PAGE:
El Paso – the United States’ descent into xenophobic barbarism (part 10)
By Europaeus *
Continued from Part 9
On 5 August President Trump denounced white supremacy in the wake of twin mass shootings over the weekend, and citing the threat of “racist hate,” he summoned the nation to address what he called a link between the recent carnage and violent video games, mental illness and internet bigotry. But he stopped well short of endorsing the kind of broad gun control measures that activists, Democrats and some Republicans have sought for years, such as tougher background checks for gun buyers and the banning of some weapons and accessories such as high-capacity magazines.
And while the President warned of “the perils of the internet and social media,” he offered no recognition of his own use of those platforms to promote his brand of divisive politics. Instead, he focused on a rising intolerance that he has been slow to condemn in the past. “In one voice our nation must condemn racism, bigotry and white supremacy,” President Trump said at the White House. “These sinister ideologies must be defeated.”
It seemed unlikely that the President’s 10-minute speech, coming after one of the most violent weekends in recent American history, would reposition him as a unifier when many Americans hold him responsible for inflaming racial division. He took no responsibility for the atmosphere of division, nor did he recognise his own reluctance to warn of the rise of white nationalism until now.
Speaking at a lectern beneath a portrait of George Washington in the Diplomatic Reception Room, President Trump read from a teleprompter as he denounced Crusius’ bilious anti-Hispanic manifesto as being “consumed by racist hate.” He also called it part of an “evil contagion” spreading online.
“These barbaric slaughters are an assault upon our communities, an attack upon our nation and a crime against all of humanity,” President Trump said of the massacre in El Paso on 3 August and another in Dayton, Ohio, on 4 August – at one point incorrectly referring to Toledo as the site of those killings. Between the two shootings, 31 people died.
President Trump, who visited Dayton and El Paso on 7 August, took no questions. He also did not repeat his call on Twitter earlier in the morning for Republicans and Democrats to work together to strengthen background checks for prospective gun buyers. That outraged Democratic leaders in Congress, who quickly accused the President of retreating from more substantive action on gun control under political pressure.
“It took less than three hours for the president to back off his call for stronger background check legislation,” Speaker Nancy Pelosi and Democratic leader, Senator Chuck Schumer, said in a statement. House Democrats passed such a measure in February 2019, but the Republican-controlled Senate has not acted on it. Even some Republicans called on 5 August for that opposition to end. Senators Susan Collins of Maine, Mike Braun of Indiana and Patrick J. Toomey of Pennsylvania said that a bill to expand background checks for gun purchases should be brought to a vote. Senator Toomey and Senator Joe Manchin III, of West Virginia, separately called President Trump to discuss the background checks bill that they had drafted after the massacre at Sandy Hook Elementary School on 14 December 2012, only to see it fall to a filibuster.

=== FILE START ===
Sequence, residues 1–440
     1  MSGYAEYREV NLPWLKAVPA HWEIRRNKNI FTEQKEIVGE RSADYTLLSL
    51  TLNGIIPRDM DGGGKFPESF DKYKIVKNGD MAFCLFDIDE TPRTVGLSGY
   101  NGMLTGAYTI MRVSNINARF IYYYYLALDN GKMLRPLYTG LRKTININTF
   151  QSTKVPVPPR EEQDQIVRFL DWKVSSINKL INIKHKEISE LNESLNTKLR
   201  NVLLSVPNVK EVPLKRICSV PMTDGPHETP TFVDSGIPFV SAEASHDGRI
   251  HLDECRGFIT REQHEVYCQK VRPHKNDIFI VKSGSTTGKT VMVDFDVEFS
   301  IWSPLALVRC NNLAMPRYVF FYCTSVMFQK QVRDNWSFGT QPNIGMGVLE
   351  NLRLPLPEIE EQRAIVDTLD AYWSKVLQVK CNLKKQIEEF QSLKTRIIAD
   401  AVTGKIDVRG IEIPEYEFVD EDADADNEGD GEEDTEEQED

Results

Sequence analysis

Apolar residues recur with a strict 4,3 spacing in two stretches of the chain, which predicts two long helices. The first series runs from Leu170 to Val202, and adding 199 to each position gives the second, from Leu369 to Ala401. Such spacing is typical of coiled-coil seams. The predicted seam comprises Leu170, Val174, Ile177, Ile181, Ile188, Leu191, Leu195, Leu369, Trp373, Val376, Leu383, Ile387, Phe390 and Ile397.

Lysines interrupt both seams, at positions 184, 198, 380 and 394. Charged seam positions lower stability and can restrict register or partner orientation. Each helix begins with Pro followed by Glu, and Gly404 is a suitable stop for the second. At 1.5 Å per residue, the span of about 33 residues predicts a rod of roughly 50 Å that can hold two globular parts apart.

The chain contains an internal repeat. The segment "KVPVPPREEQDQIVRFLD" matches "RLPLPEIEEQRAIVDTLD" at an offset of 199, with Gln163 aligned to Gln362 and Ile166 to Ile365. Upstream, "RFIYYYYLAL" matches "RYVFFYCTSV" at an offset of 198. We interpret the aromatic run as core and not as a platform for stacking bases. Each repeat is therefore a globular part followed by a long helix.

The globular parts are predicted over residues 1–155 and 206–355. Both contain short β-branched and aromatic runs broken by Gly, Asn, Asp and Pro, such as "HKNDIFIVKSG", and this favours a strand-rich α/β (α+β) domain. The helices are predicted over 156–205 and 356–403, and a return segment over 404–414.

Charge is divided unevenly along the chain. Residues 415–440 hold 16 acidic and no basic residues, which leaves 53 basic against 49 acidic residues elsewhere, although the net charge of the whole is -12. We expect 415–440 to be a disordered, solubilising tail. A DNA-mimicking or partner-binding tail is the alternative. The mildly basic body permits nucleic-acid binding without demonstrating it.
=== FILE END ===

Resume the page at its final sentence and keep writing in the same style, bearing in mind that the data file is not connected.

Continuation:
“The President showed a willingness to work with us on the issue of strengthening background checks,” the senators said in a joint statement.
President Trump’s first comments, made in early-morning 5 August Twitter posts, set some gun control advocates up for disappointment. The President had spent the weekend at his golf resort in Bedminster, N.J., where he was thinly staffed as news of the shootings unfolded. Perusing the news in isolation, the President tweeted several expressions of sympathy, along with more combative shots at the news media and his liberal critics.
By Sunday 4 August night, President Trump’s aides recognised that he needed to do more. Some advisers suggested that background checks would be an easy, bipartisan measure to endorse, but the President was uncertain. When early drafts of his remarks began circulating, they did not mention background checks or immigration. So aides were startled to discover that the president, sitting in the White House residence, had posted a tweet linking the two issues. Several aides argued that the linkage was a mistake, and the President dropped the reference to immigration and the call for background checks from his prepared remarks.
It was not immediately clear what other gun control proposals President Trump had been referring to on Twitter. The House passed back-to-back bills on firearms soon after Democrats took control, voting in February 2019 to require background checks for all gun buyers, including those at gun shows and on the internet, and to extend waiting periods for would-be gun buyers flagged by the existing instant-check system.
Instead of focusing on measures to limit the sale of firearms, Mr. Trump’s later remarks at the White House ticked through a list of proposals that Republicans had long endorsed as alternatives. They included unspecified action to address “gruesome and grisly video games” and “a culture that celebrates violence.”
Trying for a sombre tone at the White House, President Trump repeated his past endorsement of so-called ‘red-flag laws’ which would allow for the confiscation of firearms from people found to be mentally ill, and said that mental health laws should be changed to allow for the involuntary confinement of people at risk of committing violence. He gave no indication of how he would pursue any of his goals.